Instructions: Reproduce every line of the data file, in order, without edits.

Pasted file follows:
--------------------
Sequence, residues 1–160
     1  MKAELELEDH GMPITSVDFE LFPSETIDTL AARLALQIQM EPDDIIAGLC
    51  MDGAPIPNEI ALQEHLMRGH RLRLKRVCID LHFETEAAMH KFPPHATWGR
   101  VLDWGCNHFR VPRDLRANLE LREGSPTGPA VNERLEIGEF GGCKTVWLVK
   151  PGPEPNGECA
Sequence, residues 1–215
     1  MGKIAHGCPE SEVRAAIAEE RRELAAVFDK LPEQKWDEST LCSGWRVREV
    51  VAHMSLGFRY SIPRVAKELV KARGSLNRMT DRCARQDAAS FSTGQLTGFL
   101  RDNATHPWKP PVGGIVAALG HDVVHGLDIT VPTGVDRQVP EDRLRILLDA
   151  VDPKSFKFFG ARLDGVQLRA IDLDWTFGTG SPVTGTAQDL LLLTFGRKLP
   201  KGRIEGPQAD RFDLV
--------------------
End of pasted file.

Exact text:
Sequence, residues 1–160
     1  MKAELELEDH GMPITSVDFE LFPSETIDTL AARLALQIQM EPDDIIAGLC
    51  MDGAPIPNEI ALQEHLMRGH RLRLKRVCID LHFETEAAMH KFPPHATWGR
   101  VLDWGCNHFR VPRDLRANLE LREGSPTGPA VNERLEIGEF GGCKTVWLVK
   151  PGPEPNGECA
Sequence, residues 1–215
     1  MGKIAHGCPE SEVRAAIAEE RRELAAVFDK LPEQKWDEST LCSGWRVREV
    51  VAHMSLGFRY SIPRVAKELV KARGSLNRMT DRCARQDAAS FSTGQLTGFL
   101  RDNATHPWKP PVGGIVAALG HDVVHGLDIT VPTGVDRQVP EDRLRILLDA
   151  VDPKSFKFFG ARLDGVQLRA IDLDWTFGTG SPVTGTAQDL LLLTFGRKLP
   201  KGRIEGPQAD RFDLV